Biden’s time: Former VP wins big on Super Tuesday

Herb Boyd | 3/5/2020, midnight
Even before we could report on Joe Biden’s stunning, amazing, unexpected victory on Super Tuesday, the billionaire Michael Bloomberg usurped ...
Vice President Joe Biden

Even before we could report on Joe Biden’s stunning, amazing, unexpected victory on Super Tuesday, the billionaire Michael Bloomberg usurped Wednesday headlines announcing he is suspending his presidential campaign. Bloomberg pumped some $200 million in ads, placing all his hopes on Super Tuesday, but won only American Samoa.

The real numbers were not the money he invested but the outcome Tuesday evening that remains unofficially over, but Biden is, for the moment, clearly the frontrunner. Biden swept through the South like General Sherman during the Civil War, winning North Carolina, Virginia, Arkansas, with additional unexpected triumphs in Texas and Massachusetts, Sen. Elizabeth Warren’s home state.

While the numbers will be coming in over the next several days, particularly the important delegate count in California where Sen. Bernie Sanders is the presumptive winner, here’s what we have as we go to press.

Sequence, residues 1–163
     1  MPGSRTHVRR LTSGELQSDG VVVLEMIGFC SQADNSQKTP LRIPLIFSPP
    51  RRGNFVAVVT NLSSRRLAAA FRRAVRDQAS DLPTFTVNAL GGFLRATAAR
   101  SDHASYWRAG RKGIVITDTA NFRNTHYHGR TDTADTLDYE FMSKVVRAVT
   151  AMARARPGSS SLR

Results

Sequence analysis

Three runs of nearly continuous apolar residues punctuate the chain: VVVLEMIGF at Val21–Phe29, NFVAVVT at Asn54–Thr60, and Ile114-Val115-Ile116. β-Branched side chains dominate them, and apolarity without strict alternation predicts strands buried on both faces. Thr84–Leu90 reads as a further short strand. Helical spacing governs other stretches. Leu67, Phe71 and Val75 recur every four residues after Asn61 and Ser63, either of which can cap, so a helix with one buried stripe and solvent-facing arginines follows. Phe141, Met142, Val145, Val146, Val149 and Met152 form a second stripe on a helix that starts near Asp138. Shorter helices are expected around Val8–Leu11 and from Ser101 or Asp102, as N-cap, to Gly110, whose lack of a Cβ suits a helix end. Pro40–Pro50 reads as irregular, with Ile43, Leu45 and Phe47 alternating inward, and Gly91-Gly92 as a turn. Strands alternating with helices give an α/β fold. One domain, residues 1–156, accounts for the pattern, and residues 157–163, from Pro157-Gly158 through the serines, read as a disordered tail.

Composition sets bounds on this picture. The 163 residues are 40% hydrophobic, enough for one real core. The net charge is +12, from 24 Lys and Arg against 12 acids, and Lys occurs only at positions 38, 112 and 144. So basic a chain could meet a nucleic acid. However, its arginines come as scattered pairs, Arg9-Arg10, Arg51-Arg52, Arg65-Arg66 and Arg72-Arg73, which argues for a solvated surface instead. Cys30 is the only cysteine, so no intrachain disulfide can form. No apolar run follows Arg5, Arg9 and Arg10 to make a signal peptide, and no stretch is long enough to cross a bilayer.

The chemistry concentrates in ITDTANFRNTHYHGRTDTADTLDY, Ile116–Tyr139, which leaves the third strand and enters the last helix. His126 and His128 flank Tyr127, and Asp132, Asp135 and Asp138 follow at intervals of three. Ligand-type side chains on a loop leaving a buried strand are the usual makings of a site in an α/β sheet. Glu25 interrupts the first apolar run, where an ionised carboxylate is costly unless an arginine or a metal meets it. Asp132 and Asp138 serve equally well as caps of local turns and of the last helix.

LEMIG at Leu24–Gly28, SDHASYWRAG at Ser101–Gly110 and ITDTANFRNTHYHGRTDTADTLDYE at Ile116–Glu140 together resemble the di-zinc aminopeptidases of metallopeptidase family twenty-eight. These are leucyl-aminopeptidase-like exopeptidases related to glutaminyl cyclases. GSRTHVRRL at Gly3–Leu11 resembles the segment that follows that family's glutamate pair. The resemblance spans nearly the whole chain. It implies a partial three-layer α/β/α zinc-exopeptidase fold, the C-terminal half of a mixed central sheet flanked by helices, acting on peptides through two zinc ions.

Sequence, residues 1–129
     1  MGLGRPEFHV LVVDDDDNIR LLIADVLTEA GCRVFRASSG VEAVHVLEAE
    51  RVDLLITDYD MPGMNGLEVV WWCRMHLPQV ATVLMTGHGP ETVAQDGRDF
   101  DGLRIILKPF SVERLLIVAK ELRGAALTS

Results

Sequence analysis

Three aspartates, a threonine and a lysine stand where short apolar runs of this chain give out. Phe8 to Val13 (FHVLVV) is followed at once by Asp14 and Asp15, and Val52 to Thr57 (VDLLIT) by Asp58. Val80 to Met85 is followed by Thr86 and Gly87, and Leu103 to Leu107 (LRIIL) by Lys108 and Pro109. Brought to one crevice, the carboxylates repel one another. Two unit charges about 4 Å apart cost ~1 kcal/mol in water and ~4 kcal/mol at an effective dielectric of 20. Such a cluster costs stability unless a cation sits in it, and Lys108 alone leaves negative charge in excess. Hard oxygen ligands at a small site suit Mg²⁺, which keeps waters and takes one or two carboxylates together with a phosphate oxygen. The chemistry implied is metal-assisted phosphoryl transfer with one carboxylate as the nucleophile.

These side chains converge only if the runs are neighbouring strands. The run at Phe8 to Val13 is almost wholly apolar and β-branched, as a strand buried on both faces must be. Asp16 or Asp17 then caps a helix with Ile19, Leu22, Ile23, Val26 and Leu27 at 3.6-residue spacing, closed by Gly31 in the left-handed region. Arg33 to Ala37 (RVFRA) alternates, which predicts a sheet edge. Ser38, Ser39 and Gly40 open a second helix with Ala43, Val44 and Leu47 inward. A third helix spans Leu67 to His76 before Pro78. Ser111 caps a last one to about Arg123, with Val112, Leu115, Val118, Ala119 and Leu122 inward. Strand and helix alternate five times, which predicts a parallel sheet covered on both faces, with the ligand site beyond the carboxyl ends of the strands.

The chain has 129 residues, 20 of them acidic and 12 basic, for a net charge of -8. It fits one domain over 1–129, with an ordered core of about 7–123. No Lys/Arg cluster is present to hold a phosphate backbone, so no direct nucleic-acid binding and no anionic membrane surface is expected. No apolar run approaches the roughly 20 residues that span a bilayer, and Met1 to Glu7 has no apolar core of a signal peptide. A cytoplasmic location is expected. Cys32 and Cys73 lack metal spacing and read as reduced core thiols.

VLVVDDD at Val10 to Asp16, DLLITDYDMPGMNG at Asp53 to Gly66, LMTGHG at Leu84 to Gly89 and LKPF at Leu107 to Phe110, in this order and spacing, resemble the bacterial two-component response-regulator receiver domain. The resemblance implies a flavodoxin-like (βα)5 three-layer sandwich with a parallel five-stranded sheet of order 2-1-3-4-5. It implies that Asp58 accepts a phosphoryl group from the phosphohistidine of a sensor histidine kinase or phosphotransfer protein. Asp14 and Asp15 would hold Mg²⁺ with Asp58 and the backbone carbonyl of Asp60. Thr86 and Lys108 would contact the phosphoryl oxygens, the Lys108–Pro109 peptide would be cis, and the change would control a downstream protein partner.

Biden, according to the DNC website, has amassed 453 pledged delegates; Sanders, 382; Warren, 50; Pete Buttigieg, who suspended his campaign just before Super Tuesday, 26; Amy Klobuchar, who also stepped aside, 7; and Tulsi Gabbard, zilch. Bloomberg got only 44 delegates, making his path to victory impossible. He has promised to keep his paid staff in place as he puts his resources and endorsement behind Biden.

From the opening bell of Super Tuesday, with results coming in from North Carolina and Virginia, Biden grabbed the lead, which to a great extent he commanded after the lopsided victory in South Carolina, thanks to Rep. Jim Clyburn and the state’s African American electorate.

With nearly more than a million votes overall than Sanders and possibly 10 states out of the 14, Biden appears to be perfectly poised to take next week’s primaries.

“We are very much alive,” Biden told supporters in Los Angeles Tuesday night. He said they had all but buried him, but now he is the new “comeback kid,” reminiscent of Bill Clinton’s dramatic reversal in 1992. But Biden’s moment of celebration was interrupted by anti-dairy protesters who stormed the stage where Jill Biden was chiefly responsible for protecting her husband. The protesters, who also interrupted a Sanders event, are part of a group defending animal rights and feel that Biden is a strong supporter of the dairy industry. As a candidate, Biden does not have secret service security.

What he does have is a handful of significant endorsements that on Wednesday were given a considerable boost with Bloomberg’s calling it quits. Of course, the race is hardly over with only a third of the delegates in hand, and such battleground states as Michigan, Pennsylvania, Florida, and Ohio still on the agenda. Even so, Biden is in the catbird seat, so to speak, and as one pundit put it, “Joementum” is fully engaged. But given the spark he received from Black voters in the South, it may be that his mojo has finally kicked in.